I’ve got a new keyboard, and it’s a fabulous beast. Regular readers may remember that I have been using a Happy Hacking Keyboard Pro 2 (HHKB) for some time (about 6 years, as it turns out). That was my first mechanical keyboard since the days when mechanical keyboards were the only ones you could get. I’ve loved it to bits, but for the past few months I’ve been having pain and discomfort in my hands and wrists, and decided it might be time to look around for a more ergonomic replacement. After a lot of research and deliberation, I ended up getting an ErgoDox EZ. I’m still tweaking the configuration a bit, but I love it. It has already done wonders for both the comfort of my hands and my writing efficiency.
You know how it is when you take a quick look at a framework for organising your dotfiles, and end up installing and configuring a new Linux operating system on an old MacBook Air? No? Just me then.
It started innocuously enough. I’ve been really busy at work all summer, with lots of travelling, a lot of working weekends, and long hours. That hasn’t really left enough blocks of time for sewing projects, so I’ve been falling back on my other relaxation activity: pottering about with computers in odd moments.
Continue reading →
I’m not someone who sets about the house with a duster and mop when spring arrives, but I am a fan of having a spring clean of my text editing setup. Let’s face it, if you’ve read this blog for any length of time, you know full well that I need no excuse whatsoever to tinker with my setup. I’ve long since come to terms with the fact that I will probably never settle for good on the One True Text Editor. For one thing, I think there probably isn’t such a thing: I use a text editor for many different tasks, and in each of those I have different priorities for my working environment. It is also the case that editors are being improved all the time, so it is worth occasionally trying out (or re-visiting) and editor to see if it fits your needs better than your current system. With that in mind, I got the editor-tinkering itch recently, so I thought I’d write about about the changes I’ve made.
I’ve had an itch for a while to create my own photoblog site. Flickr is convenient, but it doesn’t feel like your own site, and you can’t style it the way you would like. I’ve tried other photo hosting options, but they have the same kinds of issues. Lately I’ve wanted to host my own stuff in my own way, using — as far as possible — simple frameworks that I understand and can maintain. I have been working on it for a while, but I’ve finally got my Hugo-based static photoblog setup to a presentable state, and made it public. Here’s how it works.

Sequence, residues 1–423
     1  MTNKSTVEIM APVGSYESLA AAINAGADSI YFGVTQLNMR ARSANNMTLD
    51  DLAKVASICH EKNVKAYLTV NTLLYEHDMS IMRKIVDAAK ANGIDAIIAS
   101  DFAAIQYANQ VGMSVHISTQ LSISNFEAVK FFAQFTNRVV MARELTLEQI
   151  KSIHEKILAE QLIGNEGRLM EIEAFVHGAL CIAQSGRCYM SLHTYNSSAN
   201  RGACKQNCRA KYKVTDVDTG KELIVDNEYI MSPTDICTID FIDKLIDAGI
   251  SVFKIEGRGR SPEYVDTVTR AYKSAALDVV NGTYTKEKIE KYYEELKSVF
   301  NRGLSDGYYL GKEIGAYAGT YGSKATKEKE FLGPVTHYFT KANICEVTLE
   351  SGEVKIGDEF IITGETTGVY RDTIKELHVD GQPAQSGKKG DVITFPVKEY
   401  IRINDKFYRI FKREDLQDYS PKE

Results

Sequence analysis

I’m a long-time user of Pandoc to produce most kinds of document, but this week I have been trying out a couple of linked systems — Pandocomatic and Scrivomatic — which aim to tidy up your Pandoc workflow, and make it quicker to produce the kinds of output you need.
As part of my move to simplify my hosting setup, I started experimenting with using Blot as a replacement for Tumblr to host my micro blog Slipstream. This is an amazing service which allows you to connect up a Dropbox folder, and then just throw files in that folder (Markdown, Plain text, images, and so on), and they will — apparently by magic — be turned into a nice looking website. It’s really fantastic. Since Dropbox folders are accessible to so many apps (both on the desktop and on iOS), this makes it really easy to post from anywhere, and also to automate cross posting. This is where Zapier comes in.
If you’re reading this, I’ve successfully managed to move this site from Linode to Netlify. Basically, I had heard quite a few people talking about Netlify, and got curious about it. It’s a specialist service allowing you to deploy static sites extremely easily by simply pushing a commit to one of the git hosting services (like Github or Bitbucket).